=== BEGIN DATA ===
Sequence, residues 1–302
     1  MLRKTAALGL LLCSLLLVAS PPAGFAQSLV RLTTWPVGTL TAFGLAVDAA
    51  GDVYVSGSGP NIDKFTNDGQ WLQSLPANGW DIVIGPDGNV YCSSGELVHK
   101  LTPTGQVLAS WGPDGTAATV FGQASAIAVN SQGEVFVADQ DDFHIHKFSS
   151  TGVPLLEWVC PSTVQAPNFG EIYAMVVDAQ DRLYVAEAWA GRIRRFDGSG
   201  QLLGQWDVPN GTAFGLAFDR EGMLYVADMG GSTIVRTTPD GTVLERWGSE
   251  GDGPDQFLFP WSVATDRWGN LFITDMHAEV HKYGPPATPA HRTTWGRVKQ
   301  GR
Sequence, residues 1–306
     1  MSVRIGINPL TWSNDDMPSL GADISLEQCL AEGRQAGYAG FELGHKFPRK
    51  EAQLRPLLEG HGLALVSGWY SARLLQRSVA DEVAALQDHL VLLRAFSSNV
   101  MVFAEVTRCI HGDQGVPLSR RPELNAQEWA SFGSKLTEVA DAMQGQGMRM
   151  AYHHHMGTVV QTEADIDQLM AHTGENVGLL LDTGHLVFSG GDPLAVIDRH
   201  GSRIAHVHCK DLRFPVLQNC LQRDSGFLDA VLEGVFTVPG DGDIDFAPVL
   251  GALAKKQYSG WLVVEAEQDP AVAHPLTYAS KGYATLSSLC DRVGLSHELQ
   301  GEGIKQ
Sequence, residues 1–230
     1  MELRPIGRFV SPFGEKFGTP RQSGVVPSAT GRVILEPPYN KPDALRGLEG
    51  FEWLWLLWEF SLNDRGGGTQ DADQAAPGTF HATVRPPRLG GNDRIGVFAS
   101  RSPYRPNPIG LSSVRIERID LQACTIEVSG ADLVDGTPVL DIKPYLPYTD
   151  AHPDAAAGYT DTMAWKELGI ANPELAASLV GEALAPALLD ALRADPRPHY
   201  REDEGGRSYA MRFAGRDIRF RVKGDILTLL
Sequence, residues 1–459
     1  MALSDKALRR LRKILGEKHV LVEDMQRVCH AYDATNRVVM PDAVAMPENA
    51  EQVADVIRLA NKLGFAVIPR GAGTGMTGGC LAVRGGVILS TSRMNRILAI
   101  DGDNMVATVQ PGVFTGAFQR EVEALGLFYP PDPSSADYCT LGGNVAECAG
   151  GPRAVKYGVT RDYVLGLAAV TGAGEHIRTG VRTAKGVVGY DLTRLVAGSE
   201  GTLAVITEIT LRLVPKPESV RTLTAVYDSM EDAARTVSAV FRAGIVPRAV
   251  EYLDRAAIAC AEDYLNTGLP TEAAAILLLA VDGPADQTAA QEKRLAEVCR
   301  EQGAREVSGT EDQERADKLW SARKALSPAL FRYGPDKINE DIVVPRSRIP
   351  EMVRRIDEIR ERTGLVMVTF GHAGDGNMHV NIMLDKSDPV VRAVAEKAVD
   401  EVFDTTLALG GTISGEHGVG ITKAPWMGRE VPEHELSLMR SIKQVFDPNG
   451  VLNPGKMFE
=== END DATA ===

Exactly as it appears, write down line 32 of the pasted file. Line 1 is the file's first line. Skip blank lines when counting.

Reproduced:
   401  EVFDTTLALG GTISGEHGVG ITKAPWMGRE VPEHELSLMR SIKQVFDPNG